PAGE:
US-CERT published an alert on the last variant of Petya ransomware, including countermeasures

Pierluigi Paganini July 02, 2017

The Department of Homeland Security’s (DHS) US Computer Emergency Readiness Team (US-CERT) published the Alert (TA17-181A) on the Petya Ransomware.

The US-CERT urges organizations of updating their software and avoiding use unsupported applications and OSs.

The US-CERT confirmed it has received multiple reports of Petya ransomware infections related the recent massive attack. The ransomware leverages the ETERNALBLUE Exploit M2 MS17-010 to exploit vulnerabilities in Server Message Block (SMB) and makes devices unusable.

“The NCCIC Code Analysis Team produced a Malware Initial Findings Report (MIFR) to provide in-depth technical analysis of the malware. In coordination with public and private sector partners, NCCIC is also providing additional IOCs in comma-separated-value form for information sharing purposes.

Available Files:

The scope of this Alert’s analysis is limited to the newest “Petya” variant that surfaced June 27, 2017, and this malware is referred to as “Petya” throughout this Alert.” states the alert.

“Based on initial reporting, this Petya campaign involves multiple methods of initial infection and propagation, including exploiting vulnerabilities in Server Message Block (SMB). “

The flaws exist in how the SMBv1 server handles certain requests, a remote attacker could execute code by sending specially crafted messages to [an SMBv1] server.

Experts at US-CERT that analyzed a sample of the last Petya ransomware discovered that this variant encrypts the victim’s files with a dynamically generated, 128-bit key and creates a unique ID of the victim. The experts haven’t found any link between the encryption key generation and the victim’s ID.

“However, there is no evidence of a relationship between the encryption key and the victim’s ID, which means it may not be possible for the attacker to decrypt the victim’s files even if the ransom is paid.” states the alerts.

“This Petya variant spreads using the SMB exploit as described in MS17-010 and by stealing the user’s Windows credentials. This variant of Petya is notable for installing a modified version of the Mimikatz tool, which can be used to obtain the user’s credentials. The stolen credentials can be used to access other systems on the network.”

The sample analyzed by the US-CERT will also attempt to identify other hosts on the network by checking the compromised system’s IP physical address mapping table.

The Petya variant writes a text file on the “C:\” drive containing the Bitcoin wallet address and the RSA keys for the ransom payment. The malicious code modifies the master boot record (MBR) to enable encryption of the master file table (MFT) and the original MBR, then it reboots the system to replace the MBR.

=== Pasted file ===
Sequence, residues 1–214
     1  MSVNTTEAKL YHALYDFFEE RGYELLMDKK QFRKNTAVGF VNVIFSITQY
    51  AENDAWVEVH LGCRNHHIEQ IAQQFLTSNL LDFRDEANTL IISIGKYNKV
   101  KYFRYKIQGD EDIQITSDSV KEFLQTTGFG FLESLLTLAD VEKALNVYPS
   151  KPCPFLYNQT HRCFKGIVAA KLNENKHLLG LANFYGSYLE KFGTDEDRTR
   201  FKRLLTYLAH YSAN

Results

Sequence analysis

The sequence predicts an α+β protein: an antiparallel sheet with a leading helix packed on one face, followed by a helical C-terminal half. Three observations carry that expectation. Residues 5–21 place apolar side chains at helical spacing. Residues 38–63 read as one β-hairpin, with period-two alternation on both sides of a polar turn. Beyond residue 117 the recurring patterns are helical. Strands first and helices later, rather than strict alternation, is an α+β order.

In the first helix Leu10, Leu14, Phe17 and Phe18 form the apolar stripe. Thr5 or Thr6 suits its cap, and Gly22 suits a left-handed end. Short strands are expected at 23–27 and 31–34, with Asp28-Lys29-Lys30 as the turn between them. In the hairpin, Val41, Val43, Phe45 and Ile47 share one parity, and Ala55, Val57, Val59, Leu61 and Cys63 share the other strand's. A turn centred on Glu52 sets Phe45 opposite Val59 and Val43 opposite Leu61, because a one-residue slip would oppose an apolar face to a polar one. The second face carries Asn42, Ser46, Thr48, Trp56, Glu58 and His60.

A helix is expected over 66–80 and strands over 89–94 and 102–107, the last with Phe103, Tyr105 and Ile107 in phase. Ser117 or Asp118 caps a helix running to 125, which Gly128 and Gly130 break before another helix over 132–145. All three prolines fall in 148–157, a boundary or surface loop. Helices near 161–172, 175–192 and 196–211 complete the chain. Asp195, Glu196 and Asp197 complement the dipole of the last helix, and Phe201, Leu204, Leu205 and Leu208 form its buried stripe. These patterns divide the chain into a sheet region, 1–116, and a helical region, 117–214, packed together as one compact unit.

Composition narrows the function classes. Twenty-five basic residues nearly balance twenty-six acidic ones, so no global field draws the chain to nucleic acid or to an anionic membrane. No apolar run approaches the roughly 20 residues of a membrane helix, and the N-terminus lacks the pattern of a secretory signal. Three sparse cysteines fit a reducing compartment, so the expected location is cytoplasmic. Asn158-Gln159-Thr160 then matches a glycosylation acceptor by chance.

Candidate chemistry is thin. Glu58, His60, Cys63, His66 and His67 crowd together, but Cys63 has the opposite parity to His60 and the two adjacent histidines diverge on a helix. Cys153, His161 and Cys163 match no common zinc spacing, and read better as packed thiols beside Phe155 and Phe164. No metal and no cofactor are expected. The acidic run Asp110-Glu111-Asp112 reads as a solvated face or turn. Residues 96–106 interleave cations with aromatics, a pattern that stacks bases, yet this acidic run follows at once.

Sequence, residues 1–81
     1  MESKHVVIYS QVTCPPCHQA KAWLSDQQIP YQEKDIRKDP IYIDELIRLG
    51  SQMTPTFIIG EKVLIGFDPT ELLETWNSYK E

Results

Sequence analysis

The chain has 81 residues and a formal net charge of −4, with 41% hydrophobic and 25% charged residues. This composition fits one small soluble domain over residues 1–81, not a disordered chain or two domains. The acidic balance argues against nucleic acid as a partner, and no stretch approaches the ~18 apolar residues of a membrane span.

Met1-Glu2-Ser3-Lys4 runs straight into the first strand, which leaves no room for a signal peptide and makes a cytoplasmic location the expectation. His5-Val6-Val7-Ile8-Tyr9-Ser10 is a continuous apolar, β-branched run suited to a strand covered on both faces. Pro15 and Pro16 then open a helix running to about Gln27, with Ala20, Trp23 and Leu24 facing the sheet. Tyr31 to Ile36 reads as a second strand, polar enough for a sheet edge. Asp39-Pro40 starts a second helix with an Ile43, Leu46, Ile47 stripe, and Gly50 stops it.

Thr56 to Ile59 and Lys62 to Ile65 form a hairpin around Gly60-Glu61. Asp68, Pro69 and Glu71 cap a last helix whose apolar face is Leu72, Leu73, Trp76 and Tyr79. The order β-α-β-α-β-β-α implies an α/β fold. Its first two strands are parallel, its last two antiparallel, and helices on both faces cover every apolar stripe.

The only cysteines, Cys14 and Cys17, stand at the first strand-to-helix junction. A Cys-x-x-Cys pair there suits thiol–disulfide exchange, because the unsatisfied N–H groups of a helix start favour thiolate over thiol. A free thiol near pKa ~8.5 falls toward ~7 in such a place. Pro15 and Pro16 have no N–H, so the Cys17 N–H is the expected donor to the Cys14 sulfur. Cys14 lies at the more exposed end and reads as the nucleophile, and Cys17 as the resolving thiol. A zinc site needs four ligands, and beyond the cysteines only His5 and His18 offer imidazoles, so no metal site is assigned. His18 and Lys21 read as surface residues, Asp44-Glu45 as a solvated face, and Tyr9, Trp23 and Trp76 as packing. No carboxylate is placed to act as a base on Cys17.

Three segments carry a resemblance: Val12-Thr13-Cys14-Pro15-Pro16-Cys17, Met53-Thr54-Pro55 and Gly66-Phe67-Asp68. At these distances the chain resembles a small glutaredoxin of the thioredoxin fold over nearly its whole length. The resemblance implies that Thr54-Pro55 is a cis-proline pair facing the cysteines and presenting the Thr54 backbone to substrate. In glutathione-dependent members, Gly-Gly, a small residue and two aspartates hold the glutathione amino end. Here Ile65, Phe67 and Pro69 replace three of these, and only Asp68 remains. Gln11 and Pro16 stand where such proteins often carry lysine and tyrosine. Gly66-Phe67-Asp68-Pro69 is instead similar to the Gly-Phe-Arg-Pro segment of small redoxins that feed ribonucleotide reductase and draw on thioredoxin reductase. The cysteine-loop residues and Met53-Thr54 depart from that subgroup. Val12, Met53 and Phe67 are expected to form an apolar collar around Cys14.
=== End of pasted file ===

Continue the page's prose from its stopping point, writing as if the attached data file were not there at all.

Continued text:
“Based on the encryption methods used, it appears unlikely that the files can be restored even if the attacker received the victim’s unique ID.”

The US-CERT suggests organizations following its best practices related to SMB, such as:

  • Disabling SMBv1
  • Blocking all versions of SMB at the network boundary by blocking TCP port 445 with related protocols on UDP ports 137-138 and TCP port 139, for all boundary devices.

“US-CERT cautions users and administrators that disabling or blocking SMB may create problems by obstructing access to shared files, data, or devices,” the agency states. “The benefits of mitigation should be weighed against potential disruptions to users.”

petya Petwrap ransomware

Below the complete list of recommended steps for prevention that was included in the alert:

  • Apply the Microsoft patch for the MS17-010 SMB vulnerability dated March 14, 2017.[5](link is external)
  • Enable strong spam filters to prevent phishing emails from reaching the end users and authenticate in-bound email using technologies like Sender Policy Framework (SPF), Domain Message Authentication Reporting and Conformance (DMARC), and DomainKeys Identified Mail (DKIM) to prevent email spoofing.
  • Scan all incoming and outgoing emails to detect threats and filter executable files from reaching the end users.
  • Ensure anti-virus and anti-malware solutions are set to automatically conduct regular scans.
  • Manage the use of privileged accounts. Implement the principle of least privilege. No users should be assigned administrative access unless absolutely needed. Those with a need for administrator accounts should only use them when necessary.
  • Configure access controls including file, directory, and network share permissions with least privilege in mind. If a user only needs to read specific files, they should not have write access to those files, directories, or shares.
  • Disable macro scripts from Microsoft Office files transmitted via email. Consider using Office Viewer software to open Microsoft Office files transmitted via email instead of full Office suite applications.
  • Develop, institute, and practice employee education programs for identifying scams, malicious links, and attempted social engineering.
  • Run regular penetration tests against the network, no less than once a year. Ideally, run these as often as possible and practical.
  • Test your backups to ensure they work correctly upon use.
  • Utilize host-based firewalls and block workstation-to-workstation communications.

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Pierluigi Paganini

(Security Affairs – Petya, US-CERT)

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